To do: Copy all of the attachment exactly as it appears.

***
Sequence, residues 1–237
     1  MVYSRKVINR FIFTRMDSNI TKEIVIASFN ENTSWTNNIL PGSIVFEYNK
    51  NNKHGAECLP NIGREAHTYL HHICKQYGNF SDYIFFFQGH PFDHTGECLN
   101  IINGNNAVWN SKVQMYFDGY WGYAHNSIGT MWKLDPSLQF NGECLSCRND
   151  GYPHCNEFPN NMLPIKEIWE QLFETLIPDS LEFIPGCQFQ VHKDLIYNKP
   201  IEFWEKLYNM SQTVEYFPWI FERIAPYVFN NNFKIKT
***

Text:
Sequence, residues 1–237
     1  MVYSRKVINR FIFTRMDSNI TKEIVIASFN ENTSWTNNIL PGSIVFEYNK
    51  NNKHGAECLP NIGREAHTYL HHICKQYGNF SDYIFFFQGH PFDHTGECLN
   101  IINGNNAVWN SKVQMYFDGY WGYAHNSIGT MWKLDPSLQF NGECLSCRND
   151  GYPHCNEFPN NMLPIKEIWE QLFETLIPDS LEFIPGCQFQ VHKDLIYNKP
   201  IEFWEKLYNM SQTVEYFPWI FERIAPYVFN NNFKIKT